Action And Clinical Pharmacology: Studies conducted in healthy adult volunteers illustrated that 0.2% Hydrocortisone-17-valerate cream and ointment has minimal primary irritant and contact sensitization potential. Adrenal suppression studies with the cream indicated that any observed reduction in pituitary-adrenal function was rapidly reversible.
Indications And Clinical Uses: Topical therapy of acute and chronic corticosteroid responsive dermatoses, where an anti-inflammatory, anti-allergenic and antipruritic activity is required in the topical management of these conditions.
Contra-Indications: Untreated tubercular, bacterial, fungal and most viral lesions of the skin (including herpes simplex, vaccinia and varicella), hypersensitivity to any of the components of the preparation. Not for ophthalmic use.
Manufacturers’ Warnings In Clinical States: Pregnancy and Lactation: The safety of topical corticosteroids during pregnancy and lactation has not been established. The potential benefit should be weighed in these conditions against possible hazard to the fetus or the nursing infant. When indicated, they should not be used extensively, in large amounts or for prolonged periods of time on pregnant patients or nursing mothers.
If used under an occlusive dressing, particularly over extensive areas, sufficient absorption may take place to give rise to adrenal suppression and other systemic effects.
Topical corticosteroids are not for ophthalmic use.
Precautions: Topical corticosteroids should be used with caution on lesions close to the eye.
Although hypersensitivity reactions have been rare with topically applied steroids, the drug should be discontinued, and suitable therapy instituted if there are signs of sensitivity.
In the presence of bacterial infections of the skin, an appropriate antibacterial agent should be used as primary therapy. If it is considered necessary, the topical corticosteroid may be used as an adjunct to control inflammation, erythema, and itching. If a favorable response does not occur within a few days to a week, the steroid should be discontinued until the infection has been adequately controlled.
Significant systemic absorption may occur when steroids are applied over large areas of the body, especially under occlusive dressings. To minimize this possibility, when long-term therapy is anticipated, interrupt treatment periodically or treat one area of the body at a time.
Prolonged use of topical corticosteroid products may produce atrophy of the skin and subcutaneous tissues, particularly on the flexor surfaces and on the face. If this is noted, discontinue the use of topical corticosteroids.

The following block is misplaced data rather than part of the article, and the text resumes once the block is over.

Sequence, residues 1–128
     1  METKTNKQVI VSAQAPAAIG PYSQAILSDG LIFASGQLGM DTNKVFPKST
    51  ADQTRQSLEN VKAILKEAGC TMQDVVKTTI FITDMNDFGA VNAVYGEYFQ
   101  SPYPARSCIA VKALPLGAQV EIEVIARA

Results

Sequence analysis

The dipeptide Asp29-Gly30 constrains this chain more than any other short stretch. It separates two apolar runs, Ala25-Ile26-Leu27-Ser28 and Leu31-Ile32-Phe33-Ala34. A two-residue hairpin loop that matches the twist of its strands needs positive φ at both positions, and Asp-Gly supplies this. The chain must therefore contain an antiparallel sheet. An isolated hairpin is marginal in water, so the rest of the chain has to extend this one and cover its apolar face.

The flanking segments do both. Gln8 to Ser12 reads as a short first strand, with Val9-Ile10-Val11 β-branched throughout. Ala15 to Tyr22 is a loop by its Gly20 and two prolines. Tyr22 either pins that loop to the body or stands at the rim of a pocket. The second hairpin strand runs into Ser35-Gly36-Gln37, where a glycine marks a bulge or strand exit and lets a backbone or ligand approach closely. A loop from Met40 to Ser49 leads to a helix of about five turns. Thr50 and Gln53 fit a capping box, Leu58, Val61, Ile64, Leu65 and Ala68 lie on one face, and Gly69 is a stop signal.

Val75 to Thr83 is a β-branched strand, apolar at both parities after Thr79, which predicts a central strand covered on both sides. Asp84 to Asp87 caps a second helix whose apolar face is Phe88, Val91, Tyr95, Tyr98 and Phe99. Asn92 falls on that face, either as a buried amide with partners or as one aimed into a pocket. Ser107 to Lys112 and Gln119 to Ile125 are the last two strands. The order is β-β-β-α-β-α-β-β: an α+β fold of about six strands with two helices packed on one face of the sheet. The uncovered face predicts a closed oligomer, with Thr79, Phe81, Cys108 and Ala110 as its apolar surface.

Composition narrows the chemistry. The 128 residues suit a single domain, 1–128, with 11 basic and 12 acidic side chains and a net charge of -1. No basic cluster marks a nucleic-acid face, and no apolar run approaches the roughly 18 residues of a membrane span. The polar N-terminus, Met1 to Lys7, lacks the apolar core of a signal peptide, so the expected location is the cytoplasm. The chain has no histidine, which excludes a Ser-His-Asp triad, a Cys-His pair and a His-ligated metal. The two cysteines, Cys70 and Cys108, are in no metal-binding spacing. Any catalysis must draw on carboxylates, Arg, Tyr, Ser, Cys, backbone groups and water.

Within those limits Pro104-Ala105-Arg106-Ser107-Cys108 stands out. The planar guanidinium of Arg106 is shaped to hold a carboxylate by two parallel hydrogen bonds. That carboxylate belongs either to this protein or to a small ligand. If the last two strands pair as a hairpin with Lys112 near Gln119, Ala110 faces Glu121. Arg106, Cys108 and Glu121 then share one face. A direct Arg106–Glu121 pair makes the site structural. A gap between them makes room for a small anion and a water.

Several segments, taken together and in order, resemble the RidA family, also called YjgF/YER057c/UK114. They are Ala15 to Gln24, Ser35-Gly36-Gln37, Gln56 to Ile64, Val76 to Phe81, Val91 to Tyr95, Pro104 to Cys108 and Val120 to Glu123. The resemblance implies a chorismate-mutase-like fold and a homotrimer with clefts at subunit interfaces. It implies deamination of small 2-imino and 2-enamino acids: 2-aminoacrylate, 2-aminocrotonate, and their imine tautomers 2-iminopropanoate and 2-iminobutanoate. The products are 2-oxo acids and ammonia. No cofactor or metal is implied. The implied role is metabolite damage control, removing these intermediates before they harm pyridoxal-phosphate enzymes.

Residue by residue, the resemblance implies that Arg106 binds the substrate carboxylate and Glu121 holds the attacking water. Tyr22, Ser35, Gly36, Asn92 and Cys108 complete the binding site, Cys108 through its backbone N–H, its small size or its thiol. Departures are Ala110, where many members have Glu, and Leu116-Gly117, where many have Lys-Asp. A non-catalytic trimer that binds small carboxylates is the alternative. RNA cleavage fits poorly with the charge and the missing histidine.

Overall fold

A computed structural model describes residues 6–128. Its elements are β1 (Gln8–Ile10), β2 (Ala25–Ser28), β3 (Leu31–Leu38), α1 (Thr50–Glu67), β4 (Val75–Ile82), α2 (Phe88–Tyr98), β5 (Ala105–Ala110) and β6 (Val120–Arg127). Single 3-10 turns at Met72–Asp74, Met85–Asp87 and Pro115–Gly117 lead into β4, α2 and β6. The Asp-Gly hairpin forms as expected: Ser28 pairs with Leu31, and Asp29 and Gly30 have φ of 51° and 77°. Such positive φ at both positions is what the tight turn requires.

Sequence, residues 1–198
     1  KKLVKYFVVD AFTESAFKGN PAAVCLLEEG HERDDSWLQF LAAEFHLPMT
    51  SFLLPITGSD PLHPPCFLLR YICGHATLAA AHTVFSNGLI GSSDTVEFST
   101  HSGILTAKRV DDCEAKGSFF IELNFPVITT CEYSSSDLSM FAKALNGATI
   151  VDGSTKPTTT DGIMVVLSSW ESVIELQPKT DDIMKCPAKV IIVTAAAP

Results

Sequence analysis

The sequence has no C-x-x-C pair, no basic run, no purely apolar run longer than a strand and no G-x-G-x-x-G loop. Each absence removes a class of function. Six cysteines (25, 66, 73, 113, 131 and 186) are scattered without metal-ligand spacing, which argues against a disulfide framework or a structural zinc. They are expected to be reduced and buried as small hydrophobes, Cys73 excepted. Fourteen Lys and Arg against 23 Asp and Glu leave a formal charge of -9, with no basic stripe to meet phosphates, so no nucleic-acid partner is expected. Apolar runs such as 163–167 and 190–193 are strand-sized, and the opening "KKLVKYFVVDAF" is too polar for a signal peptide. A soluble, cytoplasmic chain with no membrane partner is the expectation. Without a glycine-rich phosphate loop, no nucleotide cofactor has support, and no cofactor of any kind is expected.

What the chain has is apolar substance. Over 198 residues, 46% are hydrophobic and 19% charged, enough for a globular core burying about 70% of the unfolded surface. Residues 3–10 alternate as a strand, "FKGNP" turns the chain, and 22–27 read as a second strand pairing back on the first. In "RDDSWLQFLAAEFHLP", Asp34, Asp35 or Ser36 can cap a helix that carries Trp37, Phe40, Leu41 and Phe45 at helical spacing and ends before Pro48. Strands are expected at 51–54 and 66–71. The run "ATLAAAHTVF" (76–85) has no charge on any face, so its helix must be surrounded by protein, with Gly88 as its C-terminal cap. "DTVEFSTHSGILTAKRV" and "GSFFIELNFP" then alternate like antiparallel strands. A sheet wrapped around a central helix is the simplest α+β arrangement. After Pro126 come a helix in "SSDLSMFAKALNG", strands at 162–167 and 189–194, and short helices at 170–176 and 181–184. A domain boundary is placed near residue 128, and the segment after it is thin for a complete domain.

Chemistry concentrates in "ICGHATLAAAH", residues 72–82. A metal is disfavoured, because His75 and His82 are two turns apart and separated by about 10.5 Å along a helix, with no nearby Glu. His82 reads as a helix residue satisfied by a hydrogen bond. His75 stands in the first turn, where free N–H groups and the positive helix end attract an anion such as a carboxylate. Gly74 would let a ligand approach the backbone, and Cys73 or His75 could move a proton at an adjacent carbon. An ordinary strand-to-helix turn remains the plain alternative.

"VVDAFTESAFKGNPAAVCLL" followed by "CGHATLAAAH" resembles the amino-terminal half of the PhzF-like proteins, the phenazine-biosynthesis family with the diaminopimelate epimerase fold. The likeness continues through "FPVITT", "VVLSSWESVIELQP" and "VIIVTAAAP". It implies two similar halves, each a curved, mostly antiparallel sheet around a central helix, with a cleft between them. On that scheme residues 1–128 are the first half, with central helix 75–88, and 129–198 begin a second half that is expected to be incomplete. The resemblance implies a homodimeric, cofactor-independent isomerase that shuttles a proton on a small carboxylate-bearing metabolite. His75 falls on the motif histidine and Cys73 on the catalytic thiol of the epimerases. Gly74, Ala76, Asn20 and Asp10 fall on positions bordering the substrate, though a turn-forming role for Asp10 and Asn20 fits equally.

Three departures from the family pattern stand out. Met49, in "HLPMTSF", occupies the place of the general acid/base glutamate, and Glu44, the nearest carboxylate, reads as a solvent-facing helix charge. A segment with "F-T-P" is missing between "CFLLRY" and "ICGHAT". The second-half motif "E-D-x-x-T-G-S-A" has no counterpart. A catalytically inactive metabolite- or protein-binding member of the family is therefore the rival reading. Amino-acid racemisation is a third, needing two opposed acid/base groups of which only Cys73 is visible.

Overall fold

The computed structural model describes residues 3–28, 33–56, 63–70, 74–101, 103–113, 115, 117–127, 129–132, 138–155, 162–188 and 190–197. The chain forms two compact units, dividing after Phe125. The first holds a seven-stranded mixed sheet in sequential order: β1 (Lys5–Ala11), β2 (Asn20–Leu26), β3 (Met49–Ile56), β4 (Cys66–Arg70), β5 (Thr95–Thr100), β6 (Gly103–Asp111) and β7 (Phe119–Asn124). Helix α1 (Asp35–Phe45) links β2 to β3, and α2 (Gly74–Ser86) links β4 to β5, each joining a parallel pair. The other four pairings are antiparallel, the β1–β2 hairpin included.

Topical corticosteroids should be used with caution in patients with stasis dermatitis and other skin diseases associated with impaired circulation.
Patients should be advised to inform subsequent physicians of the prior use of corticosteroids.
Occlusive dressings should not be applied if there is an elevation of body temperature.
Adverse Reactions: The following local adverse reactions have been reported with the use of topical corticosteroids: dryness, itching, burning, local irritation, striae, atrophy of s.c. tissues, telangiectasia, hypertrichosis, hypopigmentation and secondary infection. When occlusive dressings are used, pustules, miliaria, folliculitis and pyoderma may occur.
Adrenal suppression has occurred with prolonged use of large doses of topical corticosteroids, particularly under occlusion due to increased percutaneous absorption.
Posterior subcapsular cataracts have been reported following systemic use of corticosteroids.
Symptoms And Treatment Of Overdose: Symptoms and Treatment: Percutaneous absorption of corticosteroids can occur when considerable amounts are applied over a large area, particularly when these areas are occluded. Suppression of the adrenal-pituitary axis may result and suitable procedures should be instituted.
Dosage: Gently massage a small amount of cream or ointment into the affected area 2 to 3 times daily as needed.
Availability And Storage: Cream: Each 15, 45 or 60 g tube of cream contains: hydrocortisone-17-valerate 0.2%. Nonmedicinal ingredients: amphoteric-9, carbomer 940, petrolatum, propylene glycol, sodium lauryl sulfate, sodium phosphate, sorbic acid, stearyl alcohol and water.
Ointment: Each 15 or 60 g tube of ointment contains hydrocortisone-17-valerate 0.2%. Nonmedicinal ingredients: carbomer 934, mineral oil, petrolatum, propylene glycol, sodium lauryl sulfate, sodium phosphate, sorbic acid, steareth-2, steareth-100, stearyl alcohol and water.
Store below 26°C.
WESTCORT® Preparations Westwood-Squibb Hydrocortisone-17-valerate Topical Corticosteroid
Posted by RxMed